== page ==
St Eustatius National Marine Park

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Chapter 3. SITE DESCRIPTION

Flora

Brief description of the main plant assemblages significant or particular in the area:


The seagrass beds around St Eustatius are dominated by the invasive (Halophila stipulacea) and native (Halophila decipiens) together with small amounts of Manatee grass (Syringodium filiforme) and banks of calcareous algae (Halimeda sp).

A number of different plant species live on the reef and sandy habitats, the most common being Encrusting fan-leaf algae (Lobophora variegata), and Dictyota sp. Mats of Red Algae grow in some areas. Seaweeds such as Sargassum and Green Feather Algae (Caulerpa sertulanoides) provide habitat and food for other animals.

List of plant species within the site that are in SPAW Annex I

List of species in SPAW annex I Estimate of population size Comments if any

List of plant species within the site that are in SPAW Annex III

List of species in SPAW annex III Estimate of population size Comments if any
Hydrocharitaceae: Thalassia testudinum not given only scattered remnants are reportedly left of this once dominant sea grass species
Hydrocharitaceae: Halophila decipiens not given in seagrass beds
Cymodoceaceae: Syringodium filiforme not given scattered areas throughout the Marine Park

List of plant species within the site that are in the IUCN Red List. UICN red list : http://www.iucnredlist.org/apps/redlist/search You will specify the IUCN Status (CR:critically endangered; EN:endangered; VU:vulnerable).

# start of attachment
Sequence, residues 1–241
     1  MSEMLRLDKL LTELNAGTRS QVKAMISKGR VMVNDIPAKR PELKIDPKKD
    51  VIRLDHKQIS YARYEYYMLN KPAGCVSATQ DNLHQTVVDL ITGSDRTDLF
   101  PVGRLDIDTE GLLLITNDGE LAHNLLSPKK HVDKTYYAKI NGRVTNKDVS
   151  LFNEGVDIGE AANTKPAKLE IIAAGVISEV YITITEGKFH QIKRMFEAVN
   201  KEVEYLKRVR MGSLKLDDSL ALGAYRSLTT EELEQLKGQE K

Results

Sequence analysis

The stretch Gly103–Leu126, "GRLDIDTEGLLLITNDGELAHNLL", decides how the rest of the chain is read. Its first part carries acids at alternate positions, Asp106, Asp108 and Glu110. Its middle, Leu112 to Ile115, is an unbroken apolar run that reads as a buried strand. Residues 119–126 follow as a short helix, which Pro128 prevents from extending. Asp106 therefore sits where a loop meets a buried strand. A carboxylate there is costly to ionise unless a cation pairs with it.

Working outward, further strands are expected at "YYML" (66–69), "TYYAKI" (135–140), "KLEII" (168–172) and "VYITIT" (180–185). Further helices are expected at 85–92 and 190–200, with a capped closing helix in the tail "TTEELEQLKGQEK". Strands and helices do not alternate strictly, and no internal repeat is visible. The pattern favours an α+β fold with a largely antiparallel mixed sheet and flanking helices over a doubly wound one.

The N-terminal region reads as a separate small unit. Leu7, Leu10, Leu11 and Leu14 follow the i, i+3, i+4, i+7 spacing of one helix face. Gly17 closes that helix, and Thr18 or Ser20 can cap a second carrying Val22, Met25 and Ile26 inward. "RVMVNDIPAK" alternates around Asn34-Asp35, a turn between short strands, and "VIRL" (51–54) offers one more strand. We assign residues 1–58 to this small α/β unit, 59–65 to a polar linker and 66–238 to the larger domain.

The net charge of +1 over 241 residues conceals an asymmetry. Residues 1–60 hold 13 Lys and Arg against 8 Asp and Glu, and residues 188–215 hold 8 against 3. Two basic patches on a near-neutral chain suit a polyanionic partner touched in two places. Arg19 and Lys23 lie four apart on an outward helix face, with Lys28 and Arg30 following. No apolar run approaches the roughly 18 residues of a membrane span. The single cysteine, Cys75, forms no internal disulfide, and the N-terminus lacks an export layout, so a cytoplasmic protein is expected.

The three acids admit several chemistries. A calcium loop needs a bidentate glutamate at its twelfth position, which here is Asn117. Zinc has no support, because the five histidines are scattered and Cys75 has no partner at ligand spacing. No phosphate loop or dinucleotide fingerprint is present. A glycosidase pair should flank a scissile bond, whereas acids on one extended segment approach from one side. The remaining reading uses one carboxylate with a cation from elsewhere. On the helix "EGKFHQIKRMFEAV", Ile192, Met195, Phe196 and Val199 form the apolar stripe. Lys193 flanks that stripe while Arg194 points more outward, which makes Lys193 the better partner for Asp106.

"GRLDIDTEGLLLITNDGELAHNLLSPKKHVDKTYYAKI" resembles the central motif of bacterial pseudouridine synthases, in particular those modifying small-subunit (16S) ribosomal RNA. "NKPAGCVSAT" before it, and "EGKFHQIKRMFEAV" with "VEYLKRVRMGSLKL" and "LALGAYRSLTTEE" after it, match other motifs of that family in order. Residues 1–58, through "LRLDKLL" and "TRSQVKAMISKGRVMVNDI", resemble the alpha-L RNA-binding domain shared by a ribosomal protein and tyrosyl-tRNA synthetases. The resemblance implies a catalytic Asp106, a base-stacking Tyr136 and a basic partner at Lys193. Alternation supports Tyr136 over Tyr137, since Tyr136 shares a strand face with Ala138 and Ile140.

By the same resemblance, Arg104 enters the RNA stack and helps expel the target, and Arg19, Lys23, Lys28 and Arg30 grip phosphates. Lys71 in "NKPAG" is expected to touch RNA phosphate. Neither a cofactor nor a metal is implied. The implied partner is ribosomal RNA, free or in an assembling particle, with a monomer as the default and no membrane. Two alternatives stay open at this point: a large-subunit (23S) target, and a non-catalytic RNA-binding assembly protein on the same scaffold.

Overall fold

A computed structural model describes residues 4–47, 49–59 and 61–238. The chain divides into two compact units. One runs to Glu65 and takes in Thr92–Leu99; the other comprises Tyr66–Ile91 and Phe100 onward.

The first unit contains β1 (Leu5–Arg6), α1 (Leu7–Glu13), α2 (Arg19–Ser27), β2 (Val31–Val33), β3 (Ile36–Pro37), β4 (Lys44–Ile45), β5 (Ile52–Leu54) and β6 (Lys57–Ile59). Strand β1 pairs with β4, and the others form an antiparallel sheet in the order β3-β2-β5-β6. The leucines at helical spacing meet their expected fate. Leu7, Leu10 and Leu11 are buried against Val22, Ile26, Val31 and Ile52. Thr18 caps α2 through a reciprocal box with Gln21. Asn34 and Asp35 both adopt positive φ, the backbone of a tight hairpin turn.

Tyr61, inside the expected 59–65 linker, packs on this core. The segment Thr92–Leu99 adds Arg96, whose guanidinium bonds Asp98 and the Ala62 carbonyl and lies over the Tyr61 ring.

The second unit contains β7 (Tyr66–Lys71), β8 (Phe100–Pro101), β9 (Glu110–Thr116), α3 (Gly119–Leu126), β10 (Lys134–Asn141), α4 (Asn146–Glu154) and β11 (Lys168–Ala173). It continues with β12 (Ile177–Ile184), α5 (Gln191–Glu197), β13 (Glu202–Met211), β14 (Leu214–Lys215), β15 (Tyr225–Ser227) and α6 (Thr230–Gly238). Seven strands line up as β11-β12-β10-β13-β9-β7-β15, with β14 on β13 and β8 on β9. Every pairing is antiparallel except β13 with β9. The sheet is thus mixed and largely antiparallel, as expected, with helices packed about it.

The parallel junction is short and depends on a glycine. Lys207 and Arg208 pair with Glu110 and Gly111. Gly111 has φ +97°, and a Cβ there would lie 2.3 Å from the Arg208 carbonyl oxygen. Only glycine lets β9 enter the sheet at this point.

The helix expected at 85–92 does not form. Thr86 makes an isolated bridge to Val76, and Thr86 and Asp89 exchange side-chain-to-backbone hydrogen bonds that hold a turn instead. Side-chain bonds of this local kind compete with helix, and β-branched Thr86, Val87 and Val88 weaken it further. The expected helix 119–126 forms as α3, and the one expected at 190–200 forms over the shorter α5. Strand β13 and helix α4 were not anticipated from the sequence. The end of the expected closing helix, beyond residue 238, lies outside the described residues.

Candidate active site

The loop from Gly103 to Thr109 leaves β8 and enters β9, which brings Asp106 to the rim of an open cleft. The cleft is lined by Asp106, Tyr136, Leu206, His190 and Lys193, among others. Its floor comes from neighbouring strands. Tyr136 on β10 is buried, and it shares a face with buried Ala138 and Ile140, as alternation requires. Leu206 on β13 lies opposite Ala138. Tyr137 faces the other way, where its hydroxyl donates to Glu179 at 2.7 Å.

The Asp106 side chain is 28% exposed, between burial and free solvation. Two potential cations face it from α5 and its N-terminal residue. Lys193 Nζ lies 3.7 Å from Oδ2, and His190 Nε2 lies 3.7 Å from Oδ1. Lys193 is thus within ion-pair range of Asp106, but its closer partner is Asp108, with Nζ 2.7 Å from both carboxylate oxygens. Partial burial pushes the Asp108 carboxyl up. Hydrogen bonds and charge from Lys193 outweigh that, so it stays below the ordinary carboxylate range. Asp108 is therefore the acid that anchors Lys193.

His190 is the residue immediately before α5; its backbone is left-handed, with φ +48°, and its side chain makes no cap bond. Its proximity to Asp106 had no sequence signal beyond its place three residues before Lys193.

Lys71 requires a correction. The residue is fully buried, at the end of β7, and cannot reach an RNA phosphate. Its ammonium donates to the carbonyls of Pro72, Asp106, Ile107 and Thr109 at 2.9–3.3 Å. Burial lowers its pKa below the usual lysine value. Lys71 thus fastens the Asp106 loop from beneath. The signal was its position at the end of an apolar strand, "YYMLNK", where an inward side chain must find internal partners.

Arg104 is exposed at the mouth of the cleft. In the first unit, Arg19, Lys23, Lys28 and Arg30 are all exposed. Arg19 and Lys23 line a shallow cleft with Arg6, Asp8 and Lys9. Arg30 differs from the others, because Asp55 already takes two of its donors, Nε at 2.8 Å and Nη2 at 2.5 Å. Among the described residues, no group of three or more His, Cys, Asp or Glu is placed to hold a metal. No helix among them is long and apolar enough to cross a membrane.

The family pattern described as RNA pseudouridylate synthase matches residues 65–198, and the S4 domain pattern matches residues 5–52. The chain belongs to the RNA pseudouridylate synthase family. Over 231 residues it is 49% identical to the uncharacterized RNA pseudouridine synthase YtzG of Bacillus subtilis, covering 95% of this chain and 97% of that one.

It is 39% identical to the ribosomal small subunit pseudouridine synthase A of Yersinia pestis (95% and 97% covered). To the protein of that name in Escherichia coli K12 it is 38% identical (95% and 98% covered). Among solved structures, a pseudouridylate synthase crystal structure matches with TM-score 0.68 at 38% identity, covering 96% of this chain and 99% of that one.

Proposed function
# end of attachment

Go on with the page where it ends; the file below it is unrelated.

List of species in IUCN red list that are present in your site IUCN Status Estimate of population size Comments if any

List of plant species within the site that are in the national list of protected species

List of species in the national list of protected species that are present in your site Estimate of population size Comments if any

Fauna

Brief descript° of the main fauna populations and/or those of particular importance present (resident or migratory) in the area:


All four Caribbean species of turtle can be found in Statia’s open water: confirmed sightings of Hawksbills (Eretmochelys imbricate), Green Turtles (Chelonia mydas) and Leatherbacks (Dermochelys coriacea), and an unconfirmed sighting of Loggerhead (Caretta caretta). A number of Cetaceans are regular visitors both to the reefs and the waters around St Eustatius, including; Baleen Whale Species (Balaenoptera sp.), Pilot Whales (Globicephala macrorhynchus), Dwarf Sperm Whales (Kogia simus), Humpback Whales (Megaptera novaeangliae), Gervais's Beaked Whales (Mesoplodon europaeus), Killer Whales (Orcinus orca), Melon-Headed Whales (Peponocephala electra), Sperm Whales (Physeter macrocephalus), Pantropical Spotted Dolphins (Stenella attenuate), Striped Dolphin (Stenella coeruleoalba), Spinner Dolphins (Stenella longirostris), Bottlenose Dolphins (Tursiops truncates), Cuvier's Beaked Whales (Ziphius cavirostris). Manta Rays (Manta birostris) and Eagle Rays (Aetobatus narinari) also visit the Marine Park from Deeper waters.

 

There are a number of birds that live almost exclusively in the open ocean environment, using St Eustatius as a breeding ground or migratory stop over. These include Frigate Birds (Fregata magnificens), Red Billed Tropicbirds (Phaethon aethereus), Brown Pelicans (Pelecanus occidentalis) and Audubon’s Shearwater (Puffinus lherminieri)

The populaton of Redbilled tropicbirds is estimated at 800 individuals with between 300 and 500 nesting pairs. Together with Saba the two islands account for more than half of the Caribbean population of redbilled tropicbirds.

Significant invertebrates in the seagrasses of St. Eustatius include Queen Conch (Strombus gigas), Cushion Stars (Oreaster reticulata), Sea Cucumber (Holothuria mexicana), Sea Urchins (Tripneustes venricosus, Lytechinus variegates, Meoma ventricosa).